Why Anglo American Plc, Lonmin Plc And Premier Oil Plc Are Toxic Value Traps

The global collapse in commodities prices has been a two-year-long Christmas present for bargain hunters looking to snap up solid companies at relatively low prices. However, investors looking for a value play would do well to avoid Anglo American (LSE: AAL), Lonmin (LSE: LMI) and Premier Oil (LSE: PMO) at all costs for the time being.

Anglo American’s diversified portfolio hasn’t helped arrest the five-year slide in its share price, as the value of core commodities has been in free fall due to falling demand from China and other emerging economies. Now the smallest FTSE 100 stock, Anglo American faces the possibility of losing investment grade credit soon and will need to hasten plans to divest assets and dramatically cut the workforce, by some 55% and 60%, respectively, over the short term in order to conserve cash.

Despite having access to $15bn in cash and undrawn credit lines, analysts believe the company may be forced into a rights issue as it forecasts negative cash flow of $1bn in 2016 and has $8.4bn of debt due over the next three years. With no end in sight to low commodity prices, dividends already halted for 2016, and the possible double-whammy of losing investment grade status and shareholder dilution, I see no reason for investors to jump on the Anglo American bandwagon any time soon.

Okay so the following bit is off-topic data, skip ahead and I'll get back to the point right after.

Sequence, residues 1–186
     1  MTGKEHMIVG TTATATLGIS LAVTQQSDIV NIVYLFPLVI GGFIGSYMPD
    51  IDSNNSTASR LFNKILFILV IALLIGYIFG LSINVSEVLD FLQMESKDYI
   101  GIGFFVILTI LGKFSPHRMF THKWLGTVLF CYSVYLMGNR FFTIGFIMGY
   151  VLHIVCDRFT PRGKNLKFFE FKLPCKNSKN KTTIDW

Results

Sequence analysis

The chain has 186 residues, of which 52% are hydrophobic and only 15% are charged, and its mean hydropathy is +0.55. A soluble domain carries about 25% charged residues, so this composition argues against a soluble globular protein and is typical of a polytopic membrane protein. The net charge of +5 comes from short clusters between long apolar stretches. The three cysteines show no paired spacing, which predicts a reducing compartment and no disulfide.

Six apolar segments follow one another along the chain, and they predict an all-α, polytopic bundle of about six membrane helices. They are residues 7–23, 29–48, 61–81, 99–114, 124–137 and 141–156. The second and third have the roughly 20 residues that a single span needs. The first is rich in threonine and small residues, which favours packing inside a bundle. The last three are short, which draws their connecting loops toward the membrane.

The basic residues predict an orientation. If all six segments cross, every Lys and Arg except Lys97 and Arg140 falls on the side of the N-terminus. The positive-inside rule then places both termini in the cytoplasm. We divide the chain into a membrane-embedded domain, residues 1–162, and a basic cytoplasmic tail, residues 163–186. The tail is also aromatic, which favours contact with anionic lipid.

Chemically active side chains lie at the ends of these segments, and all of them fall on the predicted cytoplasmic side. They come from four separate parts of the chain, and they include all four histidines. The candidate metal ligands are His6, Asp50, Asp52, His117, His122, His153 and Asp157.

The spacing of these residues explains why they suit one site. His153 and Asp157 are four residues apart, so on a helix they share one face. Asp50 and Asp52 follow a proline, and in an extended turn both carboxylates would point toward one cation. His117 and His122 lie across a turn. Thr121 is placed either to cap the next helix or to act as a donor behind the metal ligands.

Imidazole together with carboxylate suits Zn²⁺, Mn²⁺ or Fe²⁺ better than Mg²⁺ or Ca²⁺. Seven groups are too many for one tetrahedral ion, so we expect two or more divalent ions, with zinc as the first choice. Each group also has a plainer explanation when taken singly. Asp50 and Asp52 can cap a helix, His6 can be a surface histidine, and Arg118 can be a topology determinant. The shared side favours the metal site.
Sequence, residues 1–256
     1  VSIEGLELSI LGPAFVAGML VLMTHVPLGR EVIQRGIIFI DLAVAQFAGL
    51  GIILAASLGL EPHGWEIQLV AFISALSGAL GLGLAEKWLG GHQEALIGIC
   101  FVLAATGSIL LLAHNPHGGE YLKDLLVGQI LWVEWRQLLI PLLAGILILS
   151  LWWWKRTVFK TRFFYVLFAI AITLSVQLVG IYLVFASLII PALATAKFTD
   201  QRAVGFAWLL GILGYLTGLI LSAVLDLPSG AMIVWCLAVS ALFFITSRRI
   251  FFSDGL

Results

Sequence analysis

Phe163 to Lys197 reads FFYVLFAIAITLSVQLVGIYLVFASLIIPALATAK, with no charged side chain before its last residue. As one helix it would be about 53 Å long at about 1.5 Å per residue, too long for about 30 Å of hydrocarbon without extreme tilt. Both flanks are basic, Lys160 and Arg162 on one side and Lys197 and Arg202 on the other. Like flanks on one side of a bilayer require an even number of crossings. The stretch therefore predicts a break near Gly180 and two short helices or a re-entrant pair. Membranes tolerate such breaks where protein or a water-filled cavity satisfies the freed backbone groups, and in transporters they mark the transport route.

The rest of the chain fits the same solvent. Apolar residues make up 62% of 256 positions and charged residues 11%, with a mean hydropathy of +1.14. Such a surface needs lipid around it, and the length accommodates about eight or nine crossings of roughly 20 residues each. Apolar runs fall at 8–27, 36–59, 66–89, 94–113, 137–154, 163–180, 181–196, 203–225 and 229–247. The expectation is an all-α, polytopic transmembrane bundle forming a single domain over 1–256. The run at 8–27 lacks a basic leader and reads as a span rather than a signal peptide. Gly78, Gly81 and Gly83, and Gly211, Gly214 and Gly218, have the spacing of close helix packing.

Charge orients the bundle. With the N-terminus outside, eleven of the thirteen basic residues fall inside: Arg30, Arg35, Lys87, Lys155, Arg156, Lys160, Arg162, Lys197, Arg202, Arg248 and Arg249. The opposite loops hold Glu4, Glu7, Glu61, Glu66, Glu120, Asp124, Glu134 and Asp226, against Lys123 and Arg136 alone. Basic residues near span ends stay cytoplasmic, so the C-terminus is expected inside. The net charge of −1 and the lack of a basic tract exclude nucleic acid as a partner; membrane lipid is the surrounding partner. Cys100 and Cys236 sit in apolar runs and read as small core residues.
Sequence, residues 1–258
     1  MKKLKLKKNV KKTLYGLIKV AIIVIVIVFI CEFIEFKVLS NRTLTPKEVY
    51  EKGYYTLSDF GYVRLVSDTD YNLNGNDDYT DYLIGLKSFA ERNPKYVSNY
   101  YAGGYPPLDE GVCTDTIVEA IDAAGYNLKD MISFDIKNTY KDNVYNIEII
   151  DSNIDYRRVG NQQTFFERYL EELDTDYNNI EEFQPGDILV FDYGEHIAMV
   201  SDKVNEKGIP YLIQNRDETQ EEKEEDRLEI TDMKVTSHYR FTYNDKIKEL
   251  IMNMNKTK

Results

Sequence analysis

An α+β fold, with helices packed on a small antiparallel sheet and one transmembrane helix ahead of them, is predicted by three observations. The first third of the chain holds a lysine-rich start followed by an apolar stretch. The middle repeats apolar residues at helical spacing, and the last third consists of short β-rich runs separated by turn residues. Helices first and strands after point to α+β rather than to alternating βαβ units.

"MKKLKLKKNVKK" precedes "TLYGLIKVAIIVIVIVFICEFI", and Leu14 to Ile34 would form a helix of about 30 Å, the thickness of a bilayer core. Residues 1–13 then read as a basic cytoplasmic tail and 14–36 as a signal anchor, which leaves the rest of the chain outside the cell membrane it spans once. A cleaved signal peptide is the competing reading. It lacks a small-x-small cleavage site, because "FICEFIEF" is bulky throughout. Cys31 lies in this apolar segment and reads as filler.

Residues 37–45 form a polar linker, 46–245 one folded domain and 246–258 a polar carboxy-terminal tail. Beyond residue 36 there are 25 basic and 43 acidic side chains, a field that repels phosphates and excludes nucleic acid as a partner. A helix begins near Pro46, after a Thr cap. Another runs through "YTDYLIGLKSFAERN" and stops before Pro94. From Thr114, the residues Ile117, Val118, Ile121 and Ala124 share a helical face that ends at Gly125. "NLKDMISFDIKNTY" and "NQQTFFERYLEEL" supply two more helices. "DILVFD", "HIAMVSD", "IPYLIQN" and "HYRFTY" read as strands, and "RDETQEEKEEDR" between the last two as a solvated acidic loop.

Down, down, down

Platinum miner Lonmin is in even worse shape, as its third rights issue in six years sent shares tumbling 98% in the past three months alone. While the capital raised will pay down the company’s $185m in net debt and finance capex spending for 2016, the company is still haemorrhaging cash to the tune of $167 in negative free cash flow in the first nine months of 2015 alone.

While Lonmin has cut operating costs per ounce of platinum mined by 23.6% year-on-year, the price of platinum has fallen by 31% over the same period. With the company itself not predicting demand outstripping supply until 2020, there’s little hope of share prices going anywhere but down for some time yet.

Difficult decisions

The suspension of trading in Premier Oil shares on Wednesday morning comes as the company moves forward with plans to buy the UK North Sea assets of German utility  E.ON. The deal is rumoured to be valued at the £100m mark, which would place it close to the total market cap of Premier and is thus classified as a reverse takeover. Adding a possible 12.5k bpd in expensive oil fields is a large bet by management that oil prices will rebound significantly this year, after which Premier has significant debts maturing which operating cash flow will not cover after committed capex at today’s crude prices. 

The company had 5.55m barrels of oil hedged at an average $97 p/b in 2015, but this decreases to 3.65m barrels at an average $68 for this year. Although capex will be lower by half this year and the large new Solan field in the British North Sea will come online, the company will remain significantly lossmaking with Brent Crude at the current $31 p/b price. With a gearing ratio of 59% and no downstream revenue streams, I see Premier’s share price trending nowhere but down for the foreseeable future unless crude prices rise dramatically. 

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Ian Pierce has no position in any shares mentioned. The Motley Fool UK has no position in any of the shares mentioned. We Fools don't all hold the same opinions, but we all believe that considering a diverse range of insights makes us better investors.